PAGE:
Category Archives: Shelley (Mary)

Facebook Escapes Its Creator

After refusing to acknowledged it was used by the Russians, Facebook is admitting that operatives did in fact buy ads that influenced the election. The Frankenstein story comes to mind.

Posted in Shelley (Mary) | Tagged , , , | Leave a comment

Shelley Predicted Microsoft’s AI Problems

Monday My son Tobias Wilson-Bates, currently a Marion L. Brittain Postdoctoral Fellow at Georgia Tech, recently published a short essay about robotics and literature in a school newsletter. Sign me up immediately for the Proud Fathers Club. The relationship between machines and literature has long fascinated Tobias, which makes Georgia Tech a good place for him […]

Posted in Shelley (Mary) | Tagged , , , | 4 Comments

Trump as Frankenstein’s Monster

What is it about Donald Trump that brings out the literary analogies? First a Salon columnist compared him to Odysseus’s Cyclops, then the New Yorker’s John Cassidy saw him as Gulliver, and most recently Rachel Maddow of MSNBC and others have compared him to Frankenstein’s monster. I’ve written about the Cyclops parallel here, but let’s take […]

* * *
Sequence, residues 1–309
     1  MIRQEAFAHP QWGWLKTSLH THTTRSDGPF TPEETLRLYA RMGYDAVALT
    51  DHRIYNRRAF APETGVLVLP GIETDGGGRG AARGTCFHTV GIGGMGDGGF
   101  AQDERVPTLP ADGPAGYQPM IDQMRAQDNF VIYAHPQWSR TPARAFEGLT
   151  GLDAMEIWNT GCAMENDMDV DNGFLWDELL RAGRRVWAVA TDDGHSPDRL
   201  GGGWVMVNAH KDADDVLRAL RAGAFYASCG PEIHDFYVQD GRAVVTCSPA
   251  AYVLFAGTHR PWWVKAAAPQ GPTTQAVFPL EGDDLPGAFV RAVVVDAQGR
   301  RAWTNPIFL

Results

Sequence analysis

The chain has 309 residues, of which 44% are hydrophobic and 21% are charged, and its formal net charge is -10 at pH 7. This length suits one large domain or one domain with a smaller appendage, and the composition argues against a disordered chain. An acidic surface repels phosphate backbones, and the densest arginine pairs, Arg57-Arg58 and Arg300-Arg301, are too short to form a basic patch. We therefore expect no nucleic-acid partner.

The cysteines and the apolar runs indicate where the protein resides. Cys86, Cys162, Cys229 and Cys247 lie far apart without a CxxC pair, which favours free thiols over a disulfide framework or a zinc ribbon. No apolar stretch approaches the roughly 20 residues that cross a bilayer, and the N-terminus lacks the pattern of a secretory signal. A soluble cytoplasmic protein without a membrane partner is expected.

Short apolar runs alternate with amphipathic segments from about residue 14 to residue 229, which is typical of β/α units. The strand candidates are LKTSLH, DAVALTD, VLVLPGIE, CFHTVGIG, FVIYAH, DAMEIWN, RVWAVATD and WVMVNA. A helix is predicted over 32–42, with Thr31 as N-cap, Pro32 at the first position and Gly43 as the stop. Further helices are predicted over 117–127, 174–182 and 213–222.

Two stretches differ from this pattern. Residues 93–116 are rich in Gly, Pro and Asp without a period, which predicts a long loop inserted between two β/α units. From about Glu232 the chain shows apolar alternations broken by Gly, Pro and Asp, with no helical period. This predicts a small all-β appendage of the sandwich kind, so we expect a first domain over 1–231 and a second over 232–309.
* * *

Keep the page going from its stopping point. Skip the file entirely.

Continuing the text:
Also posted in Swift (Jonathan) | Tagged , , , , , , | 2 Comments

The Golem, A.I., and God

Stephen Hawking’s concerns about artificial intelligence and his belief there is no god is disputed by the Jewish legend of the golem of Prague.

Posted in Shelley (Mary) | Tagged , , , , , , , | 1 Comment

Alice in Standardized Education Land

“Alice in Wonderland” can be read as an early attack on standardized education.

Also posted in Carroll (Lewis), Kingsley (Thomas) | Tagged , , , , , , , , , | 6 Comments

GOP, Obama Have Both Created Monsters

Karl Rove and Barack Obama have both “created monsters” (in the Tea Party and drone strikes respectively). Mary Shelley would understand.

Posted in Shelley (Mary) | Tagged , , , , , , | Leave a comment


  • Literature is as vital to our lives as food and shelter. Stories and poems help us work through the challenges we face, from everyday irritations to loneliness, heartache, and death. Literature is meant to mix it up with life. This website explores how it does so.

    Please feel free to e-mail me [rrbates (at) smcm (dot) edu]. I would be honored to hear your thoughts and questions about literature.

  • Sign up for weekly newsletter

    Your email will not be shared or sold.
    * = required field

    powered by MailChimp!
  • Twitter Authentication data is incomplete